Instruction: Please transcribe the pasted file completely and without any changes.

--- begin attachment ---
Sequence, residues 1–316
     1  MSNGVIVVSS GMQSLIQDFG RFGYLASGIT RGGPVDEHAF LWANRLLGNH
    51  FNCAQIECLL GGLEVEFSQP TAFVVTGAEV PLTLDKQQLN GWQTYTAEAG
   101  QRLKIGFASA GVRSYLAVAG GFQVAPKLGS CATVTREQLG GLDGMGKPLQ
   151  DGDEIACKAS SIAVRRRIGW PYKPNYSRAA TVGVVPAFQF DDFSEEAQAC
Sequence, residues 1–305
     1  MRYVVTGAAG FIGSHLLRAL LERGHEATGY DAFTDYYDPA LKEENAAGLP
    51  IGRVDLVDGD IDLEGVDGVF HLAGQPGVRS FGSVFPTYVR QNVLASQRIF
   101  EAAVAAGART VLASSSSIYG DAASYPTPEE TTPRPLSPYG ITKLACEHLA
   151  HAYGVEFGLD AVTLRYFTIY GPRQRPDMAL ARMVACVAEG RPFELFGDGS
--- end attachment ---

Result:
Sequence, residues 1–316
     1  MSNGVIVVSS GMQSLIQDFG RFGYLASGIT RGGPVDEHAF LWANRLLGNH
    51  FNCAQIECLL GGLEVEFSQP TAFVVTGAEV PLTLDKQQLN GWQTYTAEAG
   101  QRLKIGFASA GVRSYLAVAG GFQVAPKLGS CATVTREQLG GLDGMGKPLQ
   151  DGDEIACKAS SIAVRRRIGW PYKPNYSRAA TVGVVPAFQF DDFSEEAQAC
Sequence, residues 1–305
     1  MRYVVTGAAG FIGSHLLRAL LERGHEATGY DAFTDYYDPA LKEENAAGLP
    51  IGRVDLVDGD IDLEGVDGVF HLAGQPGVRS FGSVFPTYVR QNVLASQRIF
   101  EAAVAAGART VLASSSSIYG DAASYPTPEE TTPRPLSPYG ITKLACEHLA
   151  HAYGVEFGLD AVTLRYFTIY GPRQRPDMAL ARMVACVAEG RPFELFGDGS